IPv6 – To Deploy or not to Deploy
IPv6 is again in the news with 8th June 2011 designated as “World IPv6 Day” as Facebook, Google and Yahoo, are joining major content delivery networks Akamai and Limelight Networks (NASDAQ: LLNW), and the Internet Society, for the first global-scale trial of the new Internet Protocol, IPv6. On June 8, 2011, these participants will enable IPv6 on their main services for 24 hours. It is important to note that Google and Facebook had already provided IPv6 access to their services through a subdomain – “ipv6.google.com” and “www.v6.facebook.com“.
Internet protocol (IP) addresses, are critical for the operation of the Internet, as every device linked to the Internet needs a unique number to enable it to connect with the rest of the devices on the network.
IPv6 (Internet Protocol version 6) is an Internet layer protocol developed by the Internet Engineering Task Force as an alternative to IPv4 and published as early as December 1998. While IPv4 is a 32-bit system and can therefore support 232 (4,294,967,296) addresses, IPv6 is based on 128-bit addresses that can support 2128 addresses (approximately 340 undecillion or 3.4×1038).
The exact number is 340,282,366,920,938,463,463,374,607,431,768,211,456. Obviously, IPv6 provides enough addresses to allow the Internet to continue to expand and the industry to innovate. This expansion allows for many more devices and users on the internet as well as extra flexibility in allocating addresses and efficiency for routing traffic.
IPv4 address exhaustion has been long anticipated but IPv6 didn’t really happen in a hurry. As a means of alleviating the pressure to move away from IPv4, Enterprises use private IP addresses, NAT (network address translation) and DHCP (Dynamic Host Configuration Protocol). Gartner’s April 2006 suggestion that “most should delay any move to IPv6 as there is no real pressure” reflects the mindset at that point in time.
IPv6 has been slowly – but steadily picking up since 2005 as shown in http://www.ipv6actnow.org/info/statistics/. But this is changing quickly as the IPv4 address pool is declining quickly as shown in http://webscannotes.com/?p=917. In any case, the best estimate is that IPv4 addresses available from Regional Internet Registries (RIRs) will be exhausted in mid-2012.
The reasons for the delay in IPv6 adoption are:
- IPv6 is not directly compatible with IPv4, meaning that a device connected via IPv4 cannot communicate directly with a device connected using IPv6.
- IPv6 implementation requires pro-active steps: technology must be upgraded, staff trained, business plans developed.
To ignore IPv6 any more means taking risk. The results predicted are loss of universal Internet interconnectivity, scattered performance issues, configuration and security problems and legal and financial issues (Gartner – May 2010).
Does that mean that every Enterprise should move to IPv6 right away? Thankfully, the answer seems to be “Not necessary”.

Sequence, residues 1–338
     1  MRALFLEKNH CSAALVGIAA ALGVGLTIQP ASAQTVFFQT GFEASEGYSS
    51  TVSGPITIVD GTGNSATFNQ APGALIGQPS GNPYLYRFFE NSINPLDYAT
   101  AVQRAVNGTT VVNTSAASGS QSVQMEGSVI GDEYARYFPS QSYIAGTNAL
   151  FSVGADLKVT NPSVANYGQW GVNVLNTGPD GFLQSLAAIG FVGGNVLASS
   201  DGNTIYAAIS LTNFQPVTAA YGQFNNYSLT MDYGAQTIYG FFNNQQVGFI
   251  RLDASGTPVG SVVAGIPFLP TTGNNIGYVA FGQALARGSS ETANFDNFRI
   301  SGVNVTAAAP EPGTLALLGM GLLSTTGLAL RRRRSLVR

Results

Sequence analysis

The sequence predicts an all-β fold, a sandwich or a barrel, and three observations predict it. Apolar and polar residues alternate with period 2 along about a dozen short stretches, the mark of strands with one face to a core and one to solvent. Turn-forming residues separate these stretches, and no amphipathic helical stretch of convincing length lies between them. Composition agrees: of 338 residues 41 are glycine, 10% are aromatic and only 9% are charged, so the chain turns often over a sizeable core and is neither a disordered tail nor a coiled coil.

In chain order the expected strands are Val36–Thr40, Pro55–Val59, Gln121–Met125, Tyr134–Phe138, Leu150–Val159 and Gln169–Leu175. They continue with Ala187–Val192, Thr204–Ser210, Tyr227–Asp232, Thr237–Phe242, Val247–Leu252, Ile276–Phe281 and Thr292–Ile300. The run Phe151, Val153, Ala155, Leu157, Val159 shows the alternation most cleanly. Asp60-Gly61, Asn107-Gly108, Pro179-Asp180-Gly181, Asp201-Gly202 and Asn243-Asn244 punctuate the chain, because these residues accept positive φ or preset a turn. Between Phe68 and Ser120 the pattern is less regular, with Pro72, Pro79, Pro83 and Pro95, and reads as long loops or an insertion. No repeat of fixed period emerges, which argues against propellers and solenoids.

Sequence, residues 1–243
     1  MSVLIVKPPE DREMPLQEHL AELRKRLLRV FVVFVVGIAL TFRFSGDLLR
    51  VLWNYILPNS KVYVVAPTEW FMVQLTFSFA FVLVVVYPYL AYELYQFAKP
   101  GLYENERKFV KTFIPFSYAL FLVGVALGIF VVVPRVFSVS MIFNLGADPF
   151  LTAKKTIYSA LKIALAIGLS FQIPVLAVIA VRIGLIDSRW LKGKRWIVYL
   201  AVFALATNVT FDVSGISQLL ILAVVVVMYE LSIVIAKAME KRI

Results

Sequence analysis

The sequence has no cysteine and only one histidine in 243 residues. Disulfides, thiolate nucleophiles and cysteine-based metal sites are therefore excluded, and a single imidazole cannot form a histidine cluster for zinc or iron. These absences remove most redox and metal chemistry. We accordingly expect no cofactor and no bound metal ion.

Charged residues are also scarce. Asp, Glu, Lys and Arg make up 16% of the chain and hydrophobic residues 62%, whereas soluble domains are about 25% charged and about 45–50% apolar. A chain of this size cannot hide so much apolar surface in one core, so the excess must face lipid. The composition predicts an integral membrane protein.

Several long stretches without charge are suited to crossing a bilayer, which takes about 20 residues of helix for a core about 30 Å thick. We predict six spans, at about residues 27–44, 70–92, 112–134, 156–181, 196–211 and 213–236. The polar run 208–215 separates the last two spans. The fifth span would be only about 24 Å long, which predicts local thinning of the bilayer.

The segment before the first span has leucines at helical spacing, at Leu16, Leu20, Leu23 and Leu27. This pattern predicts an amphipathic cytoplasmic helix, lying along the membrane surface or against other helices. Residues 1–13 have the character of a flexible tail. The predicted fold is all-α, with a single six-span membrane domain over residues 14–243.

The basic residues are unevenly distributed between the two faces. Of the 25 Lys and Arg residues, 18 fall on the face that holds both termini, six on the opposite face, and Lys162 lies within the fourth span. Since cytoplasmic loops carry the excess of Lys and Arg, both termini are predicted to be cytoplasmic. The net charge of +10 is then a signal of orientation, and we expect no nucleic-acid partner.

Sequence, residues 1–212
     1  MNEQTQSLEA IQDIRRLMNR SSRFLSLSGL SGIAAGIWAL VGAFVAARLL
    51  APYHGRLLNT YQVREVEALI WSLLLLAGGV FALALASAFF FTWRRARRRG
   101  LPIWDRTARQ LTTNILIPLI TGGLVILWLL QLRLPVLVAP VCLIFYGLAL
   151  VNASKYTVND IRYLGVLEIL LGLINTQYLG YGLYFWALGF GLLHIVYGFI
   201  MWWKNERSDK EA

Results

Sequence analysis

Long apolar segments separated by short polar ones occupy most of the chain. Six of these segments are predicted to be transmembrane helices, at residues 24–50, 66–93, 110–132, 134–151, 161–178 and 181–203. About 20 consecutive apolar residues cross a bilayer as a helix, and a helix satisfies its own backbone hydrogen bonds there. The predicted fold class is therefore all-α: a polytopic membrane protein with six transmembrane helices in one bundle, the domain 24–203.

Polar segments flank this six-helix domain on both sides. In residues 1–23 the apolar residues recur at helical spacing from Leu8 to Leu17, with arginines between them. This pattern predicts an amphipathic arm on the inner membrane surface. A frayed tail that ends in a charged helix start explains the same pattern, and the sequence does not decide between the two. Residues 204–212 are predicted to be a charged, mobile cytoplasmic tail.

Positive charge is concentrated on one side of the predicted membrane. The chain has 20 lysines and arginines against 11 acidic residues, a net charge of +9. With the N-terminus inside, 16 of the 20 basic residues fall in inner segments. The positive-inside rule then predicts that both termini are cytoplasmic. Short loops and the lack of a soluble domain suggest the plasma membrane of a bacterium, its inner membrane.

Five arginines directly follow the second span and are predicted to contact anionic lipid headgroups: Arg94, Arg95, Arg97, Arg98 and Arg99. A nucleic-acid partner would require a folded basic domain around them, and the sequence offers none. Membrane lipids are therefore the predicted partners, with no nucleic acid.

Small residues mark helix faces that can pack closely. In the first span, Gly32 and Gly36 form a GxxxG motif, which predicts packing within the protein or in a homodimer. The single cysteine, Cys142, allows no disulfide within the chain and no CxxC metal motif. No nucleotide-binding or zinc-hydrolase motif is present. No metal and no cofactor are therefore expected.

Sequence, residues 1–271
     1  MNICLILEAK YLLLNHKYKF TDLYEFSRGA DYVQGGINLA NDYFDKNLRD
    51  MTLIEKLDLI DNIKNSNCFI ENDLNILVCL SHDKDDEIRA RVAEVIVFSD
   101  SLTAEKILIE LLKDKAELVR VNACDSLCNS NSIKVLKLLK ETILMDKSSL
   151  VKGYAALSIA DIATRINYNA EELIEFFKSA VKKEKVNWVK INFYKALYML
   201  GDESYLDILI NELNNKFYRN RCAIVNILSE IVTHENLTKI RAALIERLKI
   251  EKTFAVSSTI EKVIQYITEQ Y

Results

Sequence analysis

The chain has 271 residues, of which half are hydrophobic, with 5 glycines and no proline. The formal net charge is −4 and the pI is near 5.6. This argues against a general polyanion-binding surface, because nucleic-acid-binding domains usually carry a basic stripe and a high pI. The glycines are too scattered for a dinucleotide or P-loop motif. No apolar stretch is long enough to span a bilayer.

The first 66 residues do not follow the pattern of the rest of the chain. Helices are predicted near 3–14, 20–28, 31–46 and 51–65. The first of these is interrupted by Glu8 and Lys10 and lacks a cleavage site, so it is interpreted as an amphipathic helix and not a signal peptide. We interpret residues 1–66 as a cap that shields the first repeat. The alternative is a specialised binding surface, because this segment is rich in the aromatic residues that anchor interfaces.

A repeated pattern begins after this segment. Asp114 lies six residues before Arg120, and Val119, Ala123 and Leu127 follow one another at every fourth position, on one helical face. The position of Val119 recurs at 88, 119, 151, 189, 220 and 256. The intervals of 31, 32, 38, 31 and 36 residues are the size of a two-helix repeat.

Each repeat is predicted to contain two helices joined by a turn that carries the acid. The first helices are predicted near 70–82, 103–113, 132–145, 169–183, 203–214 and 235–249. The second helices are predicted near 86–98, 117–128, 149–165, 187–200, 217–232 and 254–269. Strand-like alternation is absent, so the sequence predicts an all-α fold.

A Gartner Report (Sep 2010) points out that “Communications service providers (CSPs) in Japan received a report on IPv4address saturation likely to happen in 2012 from APNIC, an authority on Asian IP networks and CSPs should therefore move to use IPv6 immediately”. When IPv4 addresses run out, only IPv6 addresses will be available to new Internet users and websites have to be ready to offer their services over IPv6 by then. So service provider networks – especially the ones that support IPv6 enabled mobile devices – are expected to the first to adopt IPv6 (and the June 2010 tested also point to the same trend).
According to http://blogs.gartner.com/john_pescatore/2010/06/11/guest-blogger-lawrence-orans-on-ipv6-and-security/, Enterprises need to be pay attention to IPV6, but there is still no need to panic – IPv4 will be around for a very long time. The Enterprises may not be able to adopt IPv6 (or actually do away with IPv4) right away as:
- Enterprise Packages like Oracle, SAP and others are not IPv6 Compatible.
- Network management solutions are not yet ready for IPv6.
- Security solutions don’t support IPv6 well and IPv6-based anomaly detection is also light.
- Support for IPv6 amongst SIEM vendors varies widely.
While taking minimum action to ensure that the external networks connectivity is not affected, implementing IPv6 in internal enterprise networks is not required to be done in a hurry. Most Enterprises are expected to have IPv6 internet presence by 2014 and till then the IPv4 addresses they already have should be sufficient.
IPv6 Deployment is quite challenging and though 2014 seems to be a long away deadline, for smooth implementation, IPv6 planning (refer http://www.ipv6actnow.org/info/how-to/enterprise/) should start right away. Gartner’s comment (on its Dec 2010 report), “IPv6: Its Time for (Limited) Action” nicely sums up the current situation.